21. Hi,
    I was diagnosed with PCOS last year only. I’m underweight with BMI of 17.4 and 18.5–24.9 BMI of being normal. I just want to increase my chance of getting pregnant by gaining some weight as I’ve read that there are chances of miscarriage to underweight women. I checked online to find tips on how to gain weight, and mostly recommend dairy products. Now my concern is how can I gain some weight if dairy products is not advisable to women with PCOS? Any tips will truly be appreciated. Thanks.

  22. I was diagnosed with PCOS at 15 and I’m 21 now. I was on Metformin for about a year, went off it for no good reason, and I just recently decided to see my doctor again and get back on it. I’ve doubled in weight over the past 6 years, my cholesterol is up, I have dark hair growing where it never has before, and my acne has spread to my entire body. Im constantly tired. I can sleep 14 hours a night and it seems like it’s never enough. I’m sick of being self conscious and I’m ready to make big changes in my life. I’m a college student and the frozen food, unbalanced diet, and lack of activity have taken their toll. I’ve been a vegetarian for 10 years and I’m sure my high carb, dairy, and soy intake is playing a role. My doctor made some recommendations about eating fish, but I’m in veterinary school and I can’t bring myself to eat meat or fish after spending the day working with animals. Im at a loss because I can’t eat meat, everyone is telling me soy and dairy are bad for PCOS, and a full plant diet just doesn’t give me the energy I need to function. I’m highly interested in subscribing to weekly meal plans because I’m so busy and I feel that it will help me choose healthier options. Do you have any vegetarian weekly diets available? Thank you!!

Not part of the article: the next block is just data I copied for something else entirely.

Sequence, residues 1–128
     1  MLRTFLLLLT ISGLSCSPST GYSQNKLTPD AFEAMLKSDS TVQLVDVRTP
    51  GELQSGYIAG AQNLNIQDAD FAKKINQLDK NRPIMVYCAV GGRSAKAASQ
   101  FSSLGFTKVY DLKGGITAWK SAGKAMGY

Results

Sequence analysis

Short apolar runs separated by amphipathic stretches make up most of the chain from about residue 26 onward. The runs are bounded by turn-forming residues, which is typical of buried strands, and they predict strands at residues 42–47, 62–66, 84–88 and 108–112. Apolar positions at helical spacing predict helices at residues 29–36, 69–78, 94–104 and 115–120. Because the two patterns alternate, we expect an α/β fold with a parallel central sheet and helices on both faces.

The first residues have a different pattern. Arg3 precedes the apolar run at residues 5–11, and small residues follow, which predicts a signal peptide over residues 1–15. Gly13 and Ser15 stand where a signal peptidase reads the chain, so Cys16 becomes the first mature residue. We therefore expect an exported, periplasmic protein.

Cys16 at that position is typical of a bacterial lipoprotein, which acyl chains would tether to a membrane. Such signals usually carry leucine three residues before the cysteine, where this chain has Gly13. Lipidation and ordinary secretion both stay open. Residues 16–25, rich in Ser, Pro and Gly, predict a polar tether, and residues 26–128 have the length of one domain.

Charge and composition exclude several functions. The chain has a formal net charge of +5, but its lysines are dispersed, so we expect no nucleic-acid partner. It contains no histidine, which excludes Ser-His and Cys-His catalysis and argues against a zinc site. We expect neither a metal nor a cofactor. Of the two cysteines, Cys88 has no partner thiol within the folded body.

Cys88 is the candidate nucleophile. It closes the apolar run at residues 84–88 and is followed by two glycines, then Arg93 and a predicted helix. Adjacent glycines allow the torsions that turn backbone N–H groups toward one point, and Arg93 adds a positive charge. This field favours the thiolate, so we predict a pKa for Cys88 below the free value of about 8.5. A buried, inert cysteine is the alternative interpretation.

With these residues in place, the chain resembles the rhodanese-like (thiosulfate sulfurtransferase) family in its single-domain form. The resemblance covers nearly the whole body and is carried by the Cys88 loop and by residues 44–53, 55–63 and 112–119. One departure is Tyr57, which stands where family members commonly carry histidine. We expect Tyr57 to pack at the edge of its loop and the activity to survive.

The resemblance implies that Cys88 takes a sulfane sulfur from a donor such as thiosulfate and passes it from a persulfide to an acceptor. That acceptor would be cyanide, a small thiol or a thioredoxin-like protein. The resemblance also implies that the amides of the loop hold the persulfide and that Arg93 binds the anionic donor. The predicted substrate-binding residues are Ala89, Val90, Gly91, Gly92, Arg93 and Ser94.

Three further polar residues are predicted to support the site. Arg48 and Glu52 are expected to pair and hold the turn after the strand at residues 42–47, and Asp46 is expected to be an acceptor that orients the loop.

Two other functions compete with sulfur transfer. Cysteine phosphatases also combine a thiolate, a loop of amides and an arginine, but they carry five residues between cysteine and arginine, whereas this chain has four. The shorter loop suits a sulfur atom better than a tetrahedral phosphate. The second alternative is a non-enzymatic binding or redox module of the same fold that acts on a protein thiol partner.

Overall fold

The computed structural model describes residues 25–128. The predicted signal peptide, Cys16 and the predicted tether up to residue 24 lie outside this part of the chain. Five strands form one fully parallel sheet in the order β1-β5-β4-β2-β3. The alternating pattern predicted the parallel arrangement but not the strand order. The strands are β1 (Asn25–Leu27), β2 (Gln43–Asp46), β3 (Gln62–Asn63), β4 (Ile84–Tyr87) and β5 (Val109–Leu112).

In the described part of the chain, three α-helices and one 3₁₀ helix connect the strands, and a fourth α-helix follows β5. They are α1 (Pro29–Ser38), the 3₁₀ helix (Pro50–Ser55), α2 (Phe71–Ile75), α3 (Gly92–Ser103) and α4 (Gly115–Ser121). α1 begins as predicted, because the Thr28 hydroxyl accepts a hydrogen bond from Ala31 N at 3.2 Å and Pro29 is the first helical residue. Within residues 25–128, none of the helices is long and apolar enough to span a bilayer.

23. Hey Tarryn,
    I was diagnosed with PCOS wen I was 16 now I am 20 but nobody mentioned how serious this was or the problems it could cause. I am a carb addict! Now I ve been hitting the gym for a week now! But till today i dint know the reason I ve been putting on weight and all is because of PCOS! Depression n anxiety comes with the zone too??
    I am Verrrry lost! And my diet is more rice centered! (From India)
    Got any suggestions? And let me know best snack options please.
    Thank you! Keep Up this amazing work!

  24. Also look up on google foods to eat on pcos they have a range of foods. Maybe start taking supplements to help you with fertility like vitex u had a period after two weeks taken it and was regular for a few months. Also start talking royal jelly (capsules) or the stuff you can eat to promote healthy egg quality. And also raseberry ketones is good to help lose weight it helps burn stubborn fat as long as you exercise u be ok I’ve tried this all in the past and does work I just need that extra support to keep on going with it or ill just fail lol. I wish u all the best and don’t give up! Xxx